Asset management: Barclays disposes of a regulatory headache
Selling BGI removes restrictions on Barclays Capital; The firm can now deal with US mutual and pension funds
When Barclays announced last month that it had agreed to sell its investment manager, BGI, to BlackRock, the net gain on the sale of £5.3 billion closed an intense debate over whether the bank was adequately capitalized. So strong does Barclays now look that some analysts on the call to announce the deal even began to ask whether it is being too cautious and is too strongly capitalized.
You really could not make it up.
So the first words Barclays Capital chief executive Bob Diamond uses to describe the deal to Euromoney come as something of a surprise. "This deal was not about the capital," he says, "although it does benefit our capital."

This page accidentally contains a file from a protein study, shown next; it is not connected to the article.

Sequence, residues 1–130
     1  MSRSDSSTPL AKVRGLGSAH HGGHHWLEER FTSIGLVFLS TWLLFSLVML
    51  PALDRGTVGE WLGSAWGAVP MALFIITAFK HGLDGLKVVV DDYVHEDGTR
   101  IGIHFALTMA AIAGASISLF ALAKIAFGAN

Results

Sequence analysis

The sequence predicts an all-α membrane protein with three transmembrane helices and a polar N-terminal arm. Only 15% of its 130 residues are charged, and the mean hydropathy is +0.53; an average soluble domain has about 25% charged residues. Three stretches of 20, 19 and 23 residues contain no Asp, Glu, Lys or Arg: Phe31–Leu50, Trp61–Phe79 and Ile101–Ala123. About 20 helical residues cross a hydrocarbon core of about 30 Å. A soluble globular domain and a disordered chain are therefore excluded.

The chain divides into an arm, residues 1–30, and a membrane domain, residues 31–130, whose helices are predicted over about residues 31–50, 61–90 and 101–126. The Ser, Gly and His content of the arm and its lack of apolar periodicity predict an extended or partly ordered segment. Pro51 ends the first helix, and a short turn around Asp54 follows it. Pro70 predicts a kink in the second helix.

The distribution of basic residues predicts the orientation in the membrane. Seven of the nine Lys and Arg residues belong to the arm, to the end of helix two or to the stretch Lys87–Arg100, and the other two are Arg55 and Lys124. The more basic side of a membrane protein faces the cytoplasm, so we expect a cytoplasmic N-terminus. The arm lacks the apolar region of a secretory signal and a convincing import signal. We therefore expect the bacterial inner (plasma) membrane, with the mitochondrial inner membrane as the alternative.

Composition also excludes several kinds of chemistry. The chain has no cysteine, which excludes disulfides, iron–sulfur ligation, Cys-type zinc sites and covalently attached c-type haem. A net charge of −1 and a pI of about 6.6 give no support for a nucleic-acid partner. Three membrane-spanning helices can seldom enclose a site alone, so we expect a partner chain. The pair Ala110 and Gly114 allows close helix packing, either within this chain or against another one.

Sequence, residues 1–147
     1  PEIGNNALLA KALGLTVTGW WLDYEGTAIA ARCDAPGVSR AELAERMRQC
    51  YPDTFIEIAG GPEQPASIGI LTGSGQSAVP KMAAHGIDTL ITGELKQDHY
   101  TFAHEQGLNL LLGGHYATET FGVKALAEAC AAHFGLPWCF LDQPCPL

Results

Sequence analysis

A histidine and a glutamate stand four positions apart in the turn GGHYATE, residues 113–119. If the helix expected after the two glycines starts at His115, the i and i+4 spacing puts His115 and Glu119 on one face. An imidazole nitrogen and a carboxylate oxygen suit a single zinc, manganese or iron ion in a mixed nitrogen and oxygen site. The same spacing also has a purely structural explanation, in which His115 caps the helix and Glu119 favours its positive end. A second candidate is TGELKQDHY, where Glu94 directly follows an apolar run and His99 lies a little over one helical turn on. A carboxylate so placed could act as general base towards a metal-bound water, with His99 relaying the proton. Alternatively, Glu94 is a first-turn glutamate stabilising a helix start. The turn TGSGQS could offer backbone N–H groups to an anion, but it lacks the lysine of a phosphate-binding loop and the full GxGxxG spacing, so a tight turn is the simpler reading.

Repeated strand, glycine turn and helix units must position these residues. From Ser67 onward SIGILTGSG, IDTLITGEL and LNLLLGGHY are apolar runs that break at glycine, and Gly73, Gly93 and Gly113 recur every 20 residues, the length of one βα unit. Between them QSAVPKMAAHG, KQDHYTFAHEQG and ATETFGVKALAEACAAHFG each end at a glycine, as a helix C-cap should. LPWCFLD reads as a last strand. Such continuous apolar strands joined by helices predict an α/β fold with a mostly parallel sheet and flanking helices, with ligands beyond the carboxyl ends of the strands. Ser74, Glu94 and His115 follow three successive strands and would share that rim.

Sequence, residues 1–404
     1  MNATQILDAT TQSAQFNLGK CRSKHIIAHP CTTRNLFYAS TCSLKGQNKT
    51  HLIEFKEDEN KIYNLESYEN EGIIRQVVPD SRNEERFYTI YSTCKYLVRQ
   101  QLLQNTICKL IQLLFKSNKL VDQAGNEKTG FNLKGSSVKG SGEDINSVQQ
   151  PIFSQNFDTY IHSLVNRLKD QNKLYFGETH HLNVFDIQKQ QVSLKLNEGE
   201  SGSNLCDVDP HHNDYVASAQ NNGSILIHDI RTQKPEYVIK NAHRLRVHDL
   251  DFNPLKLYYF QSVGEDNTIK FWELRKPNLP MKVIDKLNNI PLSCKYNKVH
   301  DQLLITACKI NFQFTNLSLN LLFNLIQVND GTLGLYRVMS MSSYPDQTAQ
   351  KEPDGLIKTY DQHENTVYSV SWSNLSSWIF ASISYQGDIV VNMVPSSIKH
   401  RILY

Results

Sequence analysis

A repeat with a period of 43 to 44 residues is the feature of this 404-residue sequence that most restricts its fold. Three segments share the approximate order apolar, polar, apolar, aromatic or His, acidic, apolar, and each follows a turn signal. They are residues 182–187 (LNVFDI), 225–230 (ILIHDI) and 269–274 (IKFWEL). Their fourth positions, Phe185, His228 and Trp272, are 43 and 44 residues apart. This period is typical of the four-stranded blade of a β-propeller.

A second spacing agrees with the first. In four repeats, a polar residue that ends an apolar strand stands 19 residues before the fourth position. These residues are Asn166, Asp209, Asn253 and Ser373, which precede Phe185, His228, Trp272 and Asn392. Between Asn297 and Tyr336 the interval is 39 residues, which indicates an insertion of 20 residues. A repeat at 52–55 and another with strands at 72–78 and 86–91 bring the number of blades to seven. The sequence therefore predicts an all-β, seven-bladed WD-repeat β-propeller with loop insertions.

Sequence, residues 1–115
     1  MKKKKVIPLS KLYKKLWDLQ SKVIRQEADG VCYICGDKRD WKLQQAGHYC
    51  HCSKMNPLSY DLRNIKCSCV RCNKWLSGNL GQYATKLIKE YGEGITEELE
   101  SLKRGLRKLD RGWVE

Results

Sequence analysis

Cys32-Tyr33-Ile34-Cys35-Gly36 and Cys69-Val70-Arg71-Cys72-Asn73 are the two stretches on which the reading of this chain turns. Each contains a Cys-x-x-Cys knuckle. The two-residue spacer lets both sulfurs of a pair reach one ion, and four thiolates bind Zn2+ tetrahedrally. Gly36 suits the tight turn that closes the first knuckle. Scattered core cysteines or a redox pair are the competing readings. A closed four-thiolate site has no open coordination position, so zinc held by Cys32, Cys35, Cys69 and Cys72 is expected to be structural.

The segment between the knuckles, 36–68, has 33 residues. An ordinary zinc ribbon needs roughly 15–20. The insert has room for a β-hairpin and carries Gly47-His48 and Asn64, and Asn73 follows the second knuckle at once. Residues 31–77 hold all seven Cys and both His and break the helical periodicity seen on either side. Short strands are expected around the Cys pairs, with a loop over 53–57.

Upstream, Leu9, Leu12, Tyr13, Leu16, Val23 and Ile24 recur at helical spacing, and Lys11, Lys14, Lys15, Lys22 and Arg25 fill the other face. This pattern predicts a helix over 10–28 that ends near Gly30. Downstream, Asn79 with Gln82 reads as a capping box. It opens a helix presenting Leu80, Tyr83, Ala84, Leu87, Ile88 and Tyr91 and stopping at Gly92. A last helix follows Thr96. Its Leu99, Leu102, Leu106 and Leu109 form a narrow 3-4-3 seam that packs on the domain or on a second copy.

What drove it then? Diamond says it was increasingly worries about related-party regulations that were restricting Barclays Capital, as the investment banking division of a bank that also owns an investment manager, from dealing with Erisa pension funds and 40 Act-regulated mutual funds in the US managed by BGI. "That was becoming a nuisance even when we were not big in the US. Once we bought Lehman it became a serious business issue for both Barcap and BGI."